Soft Drinks and Oral Health
The sugar and acids in soft drinks pack a double punch to the teeth.
Varying levels of carbonic, phosphoric and citric acids are found in soft drinks. These acids, when consumed through drinking soft drinks, attack the calcium found in teeth, wearing down tooth enamel. Once enamel is weakened, the sugar found in soft drinks can penetrate the tooth causing the formation of cavities which can require advanced dental care.
Diet sodas, though lacking sugar, also damage teeth through the similar acids found in them. The acid weakens the enamel, as with sugary soft drinks, and allows sugar found in foods to further damage the teeth.
Not all soft drinks are created equally. A study done in 2007 by “General Dentistry,” found that root beer, although still acidic, had a less acidic pH level than colas, and non-cola drinks were also less acidic than colas but caused more enamel erosion. The non-cola carbonated drinks were thought to cause more damage due to their higher citric acid content.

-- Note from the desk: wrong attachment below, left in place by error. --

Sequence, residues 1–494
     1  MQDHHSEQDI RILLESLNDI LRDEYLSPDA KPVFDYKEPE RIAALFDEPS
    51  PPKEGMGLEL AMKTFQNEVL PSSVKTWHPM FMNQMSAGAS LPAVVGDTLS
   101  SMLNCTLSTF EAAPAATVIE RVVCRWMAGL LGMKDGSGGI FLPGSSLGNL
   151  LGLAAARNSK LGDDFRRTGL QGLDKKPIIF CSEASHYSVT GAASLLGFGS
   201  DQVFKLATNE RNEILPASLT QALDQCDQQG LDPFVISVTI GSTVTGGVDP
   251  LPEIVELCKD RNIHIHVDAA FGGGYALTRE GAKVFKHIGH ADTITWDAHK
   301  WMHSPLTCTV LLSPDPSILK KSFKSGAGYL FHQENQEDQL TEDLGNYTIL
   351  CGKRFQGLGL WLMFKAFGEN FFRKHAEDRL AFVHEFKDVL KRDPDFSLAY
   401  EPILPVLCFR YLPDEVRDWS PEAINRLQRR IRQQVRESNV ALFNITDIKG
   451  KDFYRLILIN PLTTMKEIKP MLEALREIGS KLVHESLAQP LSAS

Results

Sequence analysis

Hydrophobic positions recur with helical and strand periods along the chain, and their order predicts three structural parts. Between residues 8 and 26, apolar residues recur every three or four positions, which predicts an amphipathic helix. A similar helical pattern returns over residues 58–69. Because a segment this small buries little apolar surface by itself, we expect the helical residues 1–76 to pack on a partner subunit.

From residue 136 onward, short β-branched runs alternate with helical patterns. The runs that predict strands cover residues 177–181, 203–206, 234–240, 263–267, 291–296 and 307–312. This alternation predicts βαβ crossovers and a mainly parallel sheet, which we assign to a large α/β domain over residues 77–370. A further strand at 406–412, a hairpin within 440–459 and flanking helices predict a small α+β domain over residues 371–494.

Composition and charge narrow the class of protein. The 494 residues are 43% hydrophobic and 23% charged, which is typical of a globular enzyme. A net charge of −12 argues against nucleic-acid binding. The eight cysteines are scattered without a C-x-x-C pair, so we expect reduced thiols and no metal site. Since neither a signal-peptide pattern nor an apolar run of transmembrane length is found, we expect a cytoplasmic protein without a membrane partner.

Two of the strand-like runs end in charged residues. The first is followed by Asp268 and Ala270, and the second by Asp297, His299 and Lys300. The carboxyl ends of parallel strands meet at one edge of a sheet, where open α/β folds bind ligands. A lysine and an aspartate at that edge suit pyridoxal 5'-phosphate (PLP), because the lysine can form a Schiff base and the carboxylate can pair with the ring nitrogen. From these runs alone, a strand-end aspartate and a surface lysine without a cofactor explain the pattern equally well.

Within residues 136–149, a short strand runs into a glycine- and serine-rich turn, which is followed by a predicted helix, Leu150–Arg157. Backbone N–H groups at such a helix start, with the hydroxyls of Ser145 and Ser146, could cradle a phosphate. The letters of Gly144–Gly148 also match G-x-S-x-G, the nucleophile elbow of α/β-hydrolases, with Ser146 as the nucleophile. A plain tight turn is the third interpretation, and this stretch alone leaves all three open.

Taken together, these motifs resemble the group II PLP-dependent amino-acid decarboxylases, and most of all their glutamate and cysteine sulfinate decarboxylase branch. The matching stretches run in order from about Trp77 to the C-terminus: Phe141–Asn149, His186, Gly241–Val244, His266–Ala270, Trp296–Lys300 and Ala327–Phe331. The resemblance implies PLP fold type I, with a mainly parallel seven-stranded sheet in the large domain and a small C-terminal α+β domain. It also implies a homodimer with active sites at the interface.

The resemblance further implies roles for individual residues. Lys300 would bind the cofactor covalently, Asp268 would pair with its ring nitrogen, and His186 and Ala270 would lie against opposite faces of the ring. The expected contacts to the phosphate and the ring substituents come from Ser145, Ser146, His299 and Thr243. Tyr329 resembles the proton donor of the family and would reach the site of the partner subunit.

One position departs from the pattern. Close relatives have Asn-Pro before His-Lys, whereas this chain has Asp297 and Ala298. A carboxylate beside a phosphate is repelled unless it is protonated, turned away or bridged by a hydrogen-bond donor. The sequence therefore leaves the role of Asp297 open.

And what about iced teas, sports and energy drinks? They were found to be more acidic than soda and caused more enamel erosion according to a 2008 University of Iowa study published in the May 2008 issue of “Nutrition Research”.
Even though soft drink consumption is dangerous for teeth, all is not lost!
Talking to your local Santa Fe dentist can help you find ways to enjoy soda and lessen the effects on your teeth; ways like:
- Moderation as a first step. Enjoy soft drinks in moderation to lessen enamel damage.
- Use a straw when drinking to minimize contact between the drink and your teeth.
- After enjoying a soda, drink water to help wash the sugar and acids off of your teeth.
- Proper tooth brushing after enjoying a soda will remove the acid and sugar.
Soft drinks don’t need to be completely off limits, but care and moderation should always be used when you enjoy soft drinks.